Two weeks into the winter season, four screenings under our belt, and three were sold out. That’s enormously rewarding for us at Carbon Arc, and it’s all thanks to the audience. We really appreciate you showing up and the response we’re getting about the programming has been really positive. Thank you!
The flip side of having all 72 seats filled for a screening is that we inevitably have to turn people away at the door. We are so sorry to do this.
For those who don’t know how the system works, here’s a primer:
- We encourage you to email us to reserve seats in advance of the screening at firstname.lastname@example.org. We’ll put you on a list.
- You can also buy tickets in advance via PayPal. If you buy through PayPal, your name will go on the list, too.
- Once we get between 50 and 55 advance tickets sold or reserved, we close online booking and save the last 20 or so for walk-ins on the night.
- What we’ve been finding is that when we open the doors on Friday at 6:30pm, those 20 or so walk-in tickets go in a flash, usually within 10 minutes. So then we start a waiting list. If anyone who reserved or paid for advance tickets doesn’t appear, at 7:01pm we start to sell those remaining tickets to those folks on the waiting list. Usually there are a few who don’t appear, so sometimes a few lucky people on the waiting list get in at the last minute.
We really encourage people to email us and reserve, or, if you can’t, make sure you get to the Museum at 6:30 for one of those final 20 seats.
If we have turn folks away, why don’t we have more second screenings? ... I hear you ask.
It’s a tough call, knowing whether or not there’ll be enough interest in a film to justify a screening at 9pm. We tried a number of second screenings in the fall, but many of them were to only a handful of patrons. That said, we predict the popularity of Shakespeare’s MacBeth, showing on February 26, will justify two screenings, at 7pm and 9:30pm.
We’re always learning and listening, hoping to better serve this community of film lovers.
I’m going to be profiling the Carbon Arc volunteers and programmers in this blog, and when I get to Carbon Arc director Siloën Daley, we’ll discuss the future of the cinema, and what ideally we’d like to see happen with it as we move into the future. How will we manage this success? I’ll put that question to her.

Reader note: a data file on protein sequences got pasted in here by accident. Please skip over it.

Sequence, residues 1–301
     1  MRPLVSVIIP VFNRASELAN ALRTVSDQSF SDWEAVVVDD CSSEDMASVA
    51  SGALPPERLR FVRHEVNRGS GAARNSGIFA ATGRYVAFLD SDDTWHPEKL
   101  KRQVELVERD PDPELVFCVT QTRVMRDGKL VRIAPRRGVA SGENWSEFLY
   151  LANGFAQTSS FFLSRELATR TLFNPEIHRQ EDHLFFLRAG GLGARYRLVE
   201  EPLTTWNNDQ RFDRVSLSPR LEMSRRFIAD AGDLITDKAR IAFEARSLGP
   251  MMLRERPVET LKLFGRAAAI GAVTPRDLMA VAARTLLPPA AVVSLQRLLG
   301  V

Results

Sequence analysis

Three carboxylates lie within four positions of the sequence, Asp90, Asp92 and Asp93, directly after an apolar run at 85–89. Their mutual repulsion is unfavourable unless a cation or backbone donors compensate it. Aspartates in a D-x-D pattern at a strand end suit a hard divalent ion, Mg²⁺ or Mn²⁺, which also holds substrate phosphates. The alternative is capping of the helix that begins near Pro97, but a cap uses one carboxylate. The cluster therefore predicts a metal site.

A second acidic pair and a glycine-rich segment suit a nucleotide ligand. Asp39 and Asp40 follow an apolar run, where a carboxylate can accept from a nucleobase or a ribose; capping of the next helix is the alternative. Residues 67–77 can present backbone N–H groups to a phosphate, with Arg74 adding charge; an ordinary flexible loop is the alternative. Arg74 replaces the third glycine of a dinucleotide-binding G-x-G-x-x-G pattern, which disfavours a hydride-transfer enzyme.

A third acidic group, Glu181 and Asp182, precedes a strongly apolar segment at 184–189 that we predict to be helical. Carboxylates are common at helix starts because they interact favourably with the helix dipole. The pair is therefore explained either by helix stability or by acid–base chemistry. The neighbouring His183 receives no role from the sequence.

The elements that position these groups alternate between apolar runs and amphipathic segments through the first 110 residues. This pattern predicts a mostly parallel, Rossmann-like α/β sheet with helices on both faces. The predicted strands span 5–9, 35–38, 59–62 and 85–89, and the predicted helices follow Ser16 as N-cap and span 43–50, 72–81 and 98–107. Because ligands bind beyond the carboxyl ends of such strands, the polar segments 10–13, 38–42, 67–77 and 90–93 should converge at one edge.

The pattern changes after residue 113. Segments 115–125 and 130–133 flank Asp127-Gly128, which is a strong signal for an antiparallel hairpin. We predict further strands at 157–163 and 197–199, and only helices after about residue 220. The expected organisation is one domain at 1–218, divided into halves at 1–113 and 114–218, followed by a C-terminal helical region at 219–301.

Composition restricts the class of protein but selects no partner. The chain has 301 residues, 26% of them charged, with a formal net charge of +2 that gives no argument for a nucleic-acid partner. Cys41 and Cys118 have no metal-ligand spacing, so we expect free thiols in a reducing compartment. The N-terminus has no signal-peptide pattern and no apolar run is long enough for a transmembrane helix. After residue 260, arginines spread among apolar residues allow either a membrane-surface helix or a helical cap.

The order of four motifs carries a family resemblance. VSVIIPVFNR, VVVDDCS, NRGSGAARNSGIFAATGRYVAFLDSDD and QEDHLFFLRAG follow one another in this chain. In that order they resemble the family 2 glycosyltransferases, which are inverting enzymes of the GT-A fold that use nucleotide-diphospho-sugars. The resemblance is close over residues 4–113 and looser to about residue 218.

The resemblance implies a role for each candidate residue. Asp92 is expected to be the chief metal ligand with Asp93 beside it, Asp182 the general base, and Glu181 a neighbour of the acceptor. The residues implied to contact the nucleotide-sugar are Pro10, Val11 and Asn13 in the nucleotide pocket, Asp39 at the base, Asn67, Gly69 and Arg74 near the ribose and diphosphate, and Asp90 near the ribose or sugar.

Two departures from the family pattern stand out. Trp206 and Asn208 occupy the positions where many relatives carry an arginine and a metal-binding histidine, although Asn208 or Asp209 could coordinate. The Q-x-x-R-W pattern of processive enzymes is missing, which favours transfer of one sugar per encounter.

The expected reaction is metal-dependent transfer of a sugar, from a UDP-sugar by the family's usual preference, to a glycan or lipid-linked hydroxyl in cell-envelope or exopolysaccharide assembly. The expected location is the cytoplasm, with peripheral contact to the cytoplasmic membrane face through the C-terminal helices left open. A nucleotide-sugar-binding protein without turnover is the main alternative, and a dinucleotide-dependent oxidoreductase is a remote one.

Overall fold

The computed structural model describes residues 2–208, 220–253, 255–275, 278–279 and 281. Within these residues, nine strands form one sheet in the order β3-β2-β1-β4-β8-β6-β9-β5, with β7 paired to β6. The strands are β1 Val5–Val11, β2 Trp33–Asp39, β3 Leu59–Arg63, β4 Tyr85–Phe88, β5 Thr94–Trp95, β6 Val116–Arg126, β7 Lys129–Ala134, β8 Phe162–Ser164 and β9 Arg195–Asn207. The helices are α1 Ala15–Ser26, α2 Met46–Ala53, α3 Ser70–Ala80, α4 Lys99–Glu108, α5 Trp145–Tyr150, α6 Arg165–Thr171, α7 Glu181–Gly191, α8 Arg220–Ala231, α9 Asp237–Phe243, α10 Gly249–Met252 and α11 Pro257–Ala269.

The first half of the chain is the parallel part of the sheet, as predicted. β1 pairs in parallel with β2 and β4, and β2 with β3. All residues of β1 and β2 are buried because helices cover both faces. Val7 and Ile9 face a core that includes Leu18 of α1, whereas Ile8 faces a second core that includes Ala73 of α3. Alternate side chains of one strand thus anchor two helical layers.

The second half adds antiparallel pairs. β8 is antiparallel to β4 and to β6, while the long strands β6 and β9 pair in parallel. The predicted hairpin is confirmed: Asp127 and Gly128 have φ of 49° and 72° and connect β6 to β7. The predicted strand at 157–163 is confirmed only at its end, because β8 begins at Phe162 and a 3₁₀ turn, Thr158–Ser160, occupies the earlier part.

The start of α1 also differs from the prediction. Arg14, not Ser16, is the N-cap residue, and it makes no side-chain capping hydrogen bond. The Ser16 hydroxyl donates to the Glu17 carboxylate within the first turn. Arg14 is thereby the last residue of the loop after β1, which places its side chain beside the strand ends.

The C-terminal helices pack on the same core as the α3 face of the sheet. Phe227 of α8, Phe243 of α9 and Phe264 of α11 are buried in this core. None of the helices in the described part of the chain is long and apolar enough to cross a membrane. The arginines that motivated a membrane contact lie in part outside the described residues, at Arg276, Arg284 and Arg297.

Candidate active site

Now, to Laurie Anderson’s Heart of a Dog.
This was the pick of our programmer Zack Miller. He’d heard great things about it, and we (the programmers) were all glad to have an opportunity to show it.
I wasn’t sure what to expect. Of course, I know Laurie Anderson’s work as a musician, as an artist, and I knew she was the longtime partner of Lou Reed, who died in October 2013.
The documentary is a wonderfully hypnotic piece, by turns intellectual and philosophical, whimsical and funny. She looks back at the life of her rat terrier, Lolabelle, through home movie footage and recreations, as well as deft use of animation and images of her paintings. Anderson’s voice is the only constant, her playful intonation and curious approach leading us down the garden path through New York’s West Village and into the tenets of Tibetan Buddhism.
The meandering theme is one of change, and death, but also the expression of creativity. Her story of how she taught the dog to play piano in her final few years is a highlight, as is her assessment of the personality of dogs represented in different breeds. I also enjoyed the stories from her childhood, for instance, when she (temporarily) lost the use of her legs after a swimming accident.
What I found was the overlay of imagery, music, and the sound of Anderson’s voice, at times made the text tertiary to the feel and look of the piece. I caught myself less focussed on what she was saying rather than how it was being said, lulled by the soft sounds, the movement of water or melting snow on the windshield as she shot footage from a slowly moving car. But I never felt I was missing anything. I think the warm feeling of the film is conveyed even as I didn’t always grasp every point she was making, especially as her musings moved into the poetic.
Lou haunts the film, even though he’s only briefly spotted within its running time. He manifests at the end with one of his songs in the end credits, a photo with him and the dog, and a dedication.
People were definitely moved by Heart of a Dog. There were moist eyes and sad smiles in the faces of the departing audience. And, like Boy And The World, the film earned a round of applause when the credits rolled.
Next week: Embrace of the Serpent.